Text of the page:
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The rise of Dean Elgar

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Dean_Elgar_South_Africa_cricketDean Elgar’s name is rarely mentioned amongst the modern run-machines of South African cricket. Most of the attention is hogged by names like Jacques Kallis, Graeme Smith, AB de Villiers, Hashim Amla, Quinton de Kock and, more recently, the regular Test skipper Faf du Plessis. You could argue that this is also because of their exploits in the shorter formats of the game. However, the gritty opener’s recent run of form, combined with the unavailability of du Plessis, means that he will lead the Proteas in the first of four Test matches against England starting on July 6th.

Along with Hashim Amla, who has had a brief stint as skipper, the left-hander is one of the more established members of South Africa’s Test squad. What is more impressive is that his last three series have produced his three highest scores in Test cricket: 127 against Australia, 129 against Sri Lanka, and 140 against New Zealand. It is through analyzing these three knocks that we can truly appreciate how far he has come since registering a pair of ducks on his Test debut.

Perth, November 2016 - 127 (316)

Conditions were not in his favor. It was the third innings of the match. The pitch was littered with cracks and uneven bounce. When you add the Starc-Hazlewood opening pair to that equation, things hardly get easier. However, he blunted their new ball assault despite losing two partners in the process.

The score was 45-2 when JP Duminy walked in at number four, ahead of the more favoured Faf du Plessis. Elgar played second fiddle to his more aggressive partner, who enjoyed the luxury of flaying balls through the covers on the way to his first century since 2014.

Duminy could not have asked for a better foil at the other end as Elgar also displayed patience and proficiency when facing Nathan Lyon whose off-spinners were tailor-made for the cracks that were widened by the unforgiving Western Australian heat.  

Elgar was eventually dismissed with the score at 324-4 with South Africa 322 runs ahead of hosts too fatigued to stop Vernon Philander and Keshav Maharaj from putting on a game-ending 72-run partnership. South Africa went onto win by 177 runs and took a 1-0 lead in a series they eventually won 2-1.

Cape Town, January 2017 - 129 (230)

Elgar built on his reputation of seeing out tough phases with what was, at the time, his new highest score. His technique was tested on a fresh green top against a determined Sri Lankan bowling attack that included spirited debutant Lahiru Kumara. Moreover, in uncharacteristic fashion, he scored the lion’s share of the runs before belligerent centurion Quinton de Kock arrived at the crease, at which point he realized the team would be best served by a supporting knock.

It was an aesthetically pleasing innings that was highlighted by tucks off his pads, picture perfect on drives, and straight drives that split mid-on and mid-off. South Africa ended with an imposing total of 392, which was too much for a brittle opposition batting line-up to chase down. Two more half-centuries during the 3-0 series triumph earned him his first ever Man-of-the-Series award.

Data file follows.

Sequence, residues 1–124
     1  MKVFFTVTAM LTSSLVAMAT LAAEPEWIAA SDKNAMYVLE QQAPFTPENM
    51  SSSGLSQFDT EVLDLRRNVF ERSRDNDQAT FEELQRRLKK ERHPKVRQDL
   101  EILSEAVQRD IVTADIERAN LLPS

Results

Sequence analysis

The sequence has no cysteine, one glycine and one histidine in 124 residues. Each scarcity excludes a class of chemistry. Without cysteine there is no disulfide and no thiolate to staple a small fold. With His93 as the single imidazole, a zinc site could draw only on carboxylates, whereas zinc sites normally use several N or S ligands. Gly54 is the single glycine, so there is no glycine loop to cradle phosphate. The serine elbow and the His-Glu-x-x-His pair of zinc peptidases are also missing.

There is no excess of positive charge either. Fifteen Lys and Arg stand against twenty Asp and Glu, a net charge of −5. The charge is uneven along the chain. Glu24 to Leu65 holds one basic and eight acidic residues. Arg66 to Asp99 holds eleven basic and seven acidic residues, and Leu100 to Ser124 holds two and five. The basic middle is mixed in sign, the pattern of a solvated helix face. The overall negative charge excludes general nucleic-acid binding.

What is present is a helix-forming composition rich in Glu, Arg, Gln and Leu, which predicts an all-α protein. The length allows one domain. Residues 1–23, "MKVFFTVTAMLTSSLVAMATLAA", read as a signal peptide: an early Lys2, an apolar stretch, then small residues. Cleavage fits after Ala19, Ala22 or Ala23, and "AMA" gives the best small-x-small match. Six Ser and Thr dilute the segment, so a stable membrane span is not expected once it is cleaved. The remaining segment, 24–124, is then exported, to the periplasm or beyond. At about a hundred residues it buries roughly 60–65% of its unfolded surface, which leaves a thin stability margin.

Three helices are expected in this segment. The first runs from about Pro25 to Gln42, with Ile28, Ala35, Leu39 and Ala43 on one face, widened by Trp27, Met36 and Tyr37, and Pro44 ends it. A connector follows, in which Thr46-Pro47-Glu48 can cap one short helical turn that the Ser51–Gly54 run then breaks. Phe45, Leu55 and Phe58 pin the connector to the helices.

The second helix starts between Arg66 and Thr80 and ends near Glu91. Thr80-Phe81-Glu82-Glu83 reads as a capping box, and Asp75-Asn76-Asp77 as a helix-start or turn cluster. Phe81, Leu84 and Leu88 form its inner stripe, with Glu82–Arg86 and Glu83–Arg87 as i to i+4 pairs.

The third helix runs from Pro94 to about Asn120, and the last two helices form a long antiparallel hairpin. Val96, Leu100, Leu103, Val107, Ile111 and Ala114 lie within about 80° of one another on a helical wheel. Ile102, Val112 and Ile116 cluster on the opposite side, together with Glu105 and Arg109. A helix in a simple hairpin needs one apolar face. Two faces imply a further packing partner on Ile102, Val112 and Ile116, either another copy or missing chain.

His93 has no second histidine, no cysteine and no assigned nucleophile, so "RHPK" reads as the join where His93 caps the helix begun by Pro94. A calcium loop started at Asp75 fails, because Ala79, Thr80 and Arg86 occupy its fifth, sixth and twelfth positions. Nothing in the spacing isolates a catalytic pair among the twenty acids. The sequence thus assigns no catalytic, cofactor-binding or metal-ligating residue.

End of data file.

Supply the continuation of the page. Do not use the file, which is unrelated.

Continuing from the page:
Dunedin, March 2017 - 140 (299)

Another century and a new high score for Elgar came on an uncharacteristically dry Dunedin strip that urged the Kiwi’s to play two spinners at the expense of Vice Captain Tim Southee, that too in home conditions. Jeetan Patel was on to bowl in the sixth over enjoying the combination of variable bounce and turn.

Elgar was not having any of it, playing inside the line of the ball. As if that was not enough, he was sledged by Neil Wagner, his old foe from the South African school scene, a Dunedin crowd who claimed the convert as their own, and even Trent Boult, who had a catch dropped off his bowling.

None of these challenges stopped Elgar from scoring 128 out of the visitors’ 229 runs on the opening day. He followed this up with 89 in South Africa’s second innings. Although Elgar was awarded with his first Man-of-the-Match award, the final day of this intriguing encounter was washed out. South Africa ended up winning the series 1-0.  

Can Elgar go one step further?

The recent trend of increasingly high scores would suggest that Elgar is due for an even higher score, which is needed if he is to be considered one of South Africa’s finest batsmen in the format. He is already their best opener and with the added responsibility of captaincy, he has the opportunity to lead from the front and build on South Africa’s impressive triumphs on the tours to Australia and New Zealand.  

If Elgar’s leadership proves to be as gritty as his batting he could help Proteas fans forget another premature exit at a global tournament and inch closer to the coveted number one Test ranking. 

 

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Jay Dansinghani is a freelance writer, researcher, and author based in Hong Kong. Jay got into deep...

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